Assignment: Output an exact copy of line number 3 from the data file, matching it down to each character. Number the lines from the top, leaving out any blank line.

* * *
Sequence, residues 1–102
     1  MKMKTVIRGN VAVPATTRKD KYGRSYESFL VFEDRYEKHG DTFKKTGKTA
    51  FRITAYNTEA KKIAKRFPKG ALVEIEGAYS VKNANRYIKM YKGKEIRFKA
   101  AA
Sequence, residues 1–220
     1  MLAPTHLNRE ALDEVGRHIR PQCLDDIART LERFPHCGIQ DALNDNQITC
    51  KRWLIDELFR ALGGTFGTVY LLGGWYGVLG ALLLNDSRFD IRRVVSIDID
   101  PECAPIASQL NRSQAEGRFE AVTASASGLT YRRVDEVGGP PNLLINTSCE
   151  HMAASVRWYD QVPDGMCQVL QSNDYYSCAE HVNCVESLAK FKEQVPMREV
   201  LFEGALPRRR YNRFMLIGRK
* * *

    51  FRITAYNTEA KKIAKRFPKG ALVEIEGAYS VKNANRYIKM YKGKEIRFKA